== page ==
Known for being one of the wealthiest individuals in American history, industrialist and businessman Andrew Carnegie left a large philanthropic legacy in Pittsburgh and across the world.
Born in 1835 to a working class family, Carnegie grew up in Dunfermline, Scotland. When his father lost his job as a weaver and with the hope of new possibilities in America, the Carnegie family immigrated to Pittsburgh in 1848.
Soon after arriving in Pittsburgh, Carnegie worked as a runner in a textile mill for $1.20 a week. By 1853, the Pennsylvania Railroad Co. hired him as a secretary and telegraph operator. Eventually, the hard-working Carnegie earned a promotion to superintendent for the Pittsburgh Division of the Pennsylvania Railroad.
From his work experiences at the railroad, Carnegie began to branch out on his own in the business world and invested in the building of railway sleeping cars, oil drilling, steel and iron production. In 1865, he founded his first of many companies, the Keystone Bridge Co.
In 1875, Carnegie opened his first steel plant, the Edgar Thomson Works in Braddock, which made rails for the Pennsylvania Railroad. At the plant, Carnegie implemented a cheaper way to mass produce steel by utilizing the Bessemer process. By 1892, he founded the Carnegie Steel Co. and controlled the largest iron and steel operation in the nation. Henry Clay Frick, a coke baron from West Overton, Pa., met Carnegie while on his honeymoon in New York and later became the chairman of the company.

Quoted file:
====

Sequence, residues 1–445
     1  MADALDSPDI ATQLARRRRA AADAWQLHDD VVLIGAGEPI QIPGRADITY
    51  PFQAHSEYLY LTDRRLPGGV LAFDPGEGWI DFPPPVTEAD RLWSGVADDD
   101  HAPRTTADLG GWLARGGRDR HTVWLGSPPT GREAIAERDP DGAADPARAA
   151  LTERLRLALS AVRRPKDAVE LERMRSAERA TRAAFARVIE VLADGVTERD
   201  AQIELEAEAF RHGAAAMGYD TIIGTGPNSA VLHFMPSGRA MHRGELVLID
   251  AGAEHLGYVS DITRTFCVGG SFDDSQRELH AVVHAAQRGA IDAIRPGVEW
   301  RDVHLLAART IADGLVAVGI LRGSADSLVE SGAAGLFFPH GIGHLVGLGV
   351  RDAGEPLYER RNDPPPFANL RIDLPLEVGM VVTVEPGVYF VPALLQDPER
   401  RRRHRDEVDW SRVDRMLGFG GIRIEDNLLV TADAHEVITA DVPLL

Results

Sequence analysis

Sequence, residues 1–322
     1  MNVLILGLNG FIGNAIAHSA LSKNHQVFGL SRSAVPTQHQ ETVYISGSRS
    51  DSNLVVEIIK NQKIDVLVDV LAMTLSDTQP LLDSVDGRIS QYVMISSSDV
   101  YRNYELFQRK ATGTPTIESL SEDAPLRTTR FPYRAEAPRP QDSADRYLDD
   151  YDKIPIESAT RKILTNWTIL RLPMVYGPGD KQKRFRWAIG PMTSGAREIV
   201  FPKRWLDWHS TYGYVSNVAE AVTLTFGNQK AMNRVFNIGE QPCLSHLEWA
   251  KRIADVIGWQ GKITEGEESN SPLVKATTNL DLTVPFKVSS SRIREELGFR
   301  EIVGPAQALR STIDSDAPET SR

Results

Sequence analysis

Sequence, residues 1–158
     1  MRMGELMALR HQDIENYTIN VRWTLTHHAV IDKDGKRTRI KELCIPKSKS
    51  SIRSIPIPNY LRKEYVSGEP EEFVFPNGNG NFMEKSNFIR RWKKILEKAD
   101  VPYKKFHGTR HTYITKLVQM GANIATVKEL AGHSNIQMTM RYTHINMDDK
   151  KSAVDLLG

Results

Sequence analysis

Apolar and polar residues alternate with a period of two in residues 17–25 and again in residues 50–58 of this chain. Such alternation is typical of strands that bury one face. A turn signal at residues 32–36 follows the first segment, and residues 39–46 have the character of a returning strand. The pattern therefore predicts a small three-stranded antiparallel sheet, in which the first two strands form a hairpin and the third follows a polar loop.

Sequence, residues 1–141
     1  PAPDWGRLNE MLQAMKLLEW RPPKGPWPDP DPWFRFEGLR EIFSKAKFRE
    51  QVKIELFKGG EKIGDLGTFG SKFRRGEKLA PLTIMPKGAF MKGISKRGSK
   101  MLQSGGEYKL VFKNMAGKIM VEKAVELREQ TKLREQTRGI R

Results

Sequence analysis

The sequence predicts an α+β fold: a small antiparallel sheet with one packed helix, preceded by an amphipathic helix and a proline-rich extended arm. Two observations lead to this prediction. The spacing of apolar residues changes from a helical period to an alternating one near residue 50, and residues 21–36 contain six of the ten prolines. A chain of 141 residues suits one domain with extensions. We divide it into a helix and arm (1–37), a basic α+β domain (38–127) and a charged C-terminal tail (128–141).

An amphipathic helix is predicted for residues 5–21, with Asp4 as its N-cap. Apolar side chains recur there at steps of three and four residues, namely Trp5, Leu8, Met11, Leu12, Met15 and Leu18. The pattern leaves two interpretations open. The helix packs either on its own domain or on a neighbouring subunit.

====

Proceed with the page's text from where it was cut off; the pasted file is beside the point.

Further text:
As Carnegie and Frick’s steel empire grew, workers began to rebel for higher wages and better work conditions. The 1892 strike between the Amalgamated Association of Iron and Steel Workers and the Carnegie Steel Co. became one of the most infamous labor struggles in U.S. history. Carnegie ordered Frick to quell the union strike, but Frick’s strategy of hiring the Pinkertons, an independent detective agency, to protect the plant and patrol the strike resulted with at least 10 people dead and several injured. Following the strike, Carnegie tried to distance himself from the bloody battle cutting all ties with Frick.
Nine years later in 1901, Carnegie became the richest man in the world when he sold Carnegie Steel to J.P. Morgan for $480 million, the equivalent of $13 billion today, forming the United States Steel Corp.
Influenced by his impoverished childhood, Carnegie was famously quoted as saying, “The man who dies rich dies disgraced.” After setting aside a small trust of money to his wife and daughter, Carnegie dedicated the remainder of his life to giving his wealth away. He donated significant sums of money to dozens of charitable organizations focused on education, peace and research.
He helped to finance and build the Carnegie Endowment for International Peace and more than 3,000 Carnegie libraries across the world. Carnegie’s name and legacy is still found throughout Western Pennsylvania, including the Carnegie Museums of Pittsburgh, Carnegie Mellon University and Carnegie Library of Pittsburgh.
Visitors to the Heinz History Center can learn more about Andrew Carnegie and see a lifelike museum figure of the industrialist as part of the “Pittsburgh: A Tradition of Innovation” exhibition. For more information, visit www.heinzhistorycenter.org.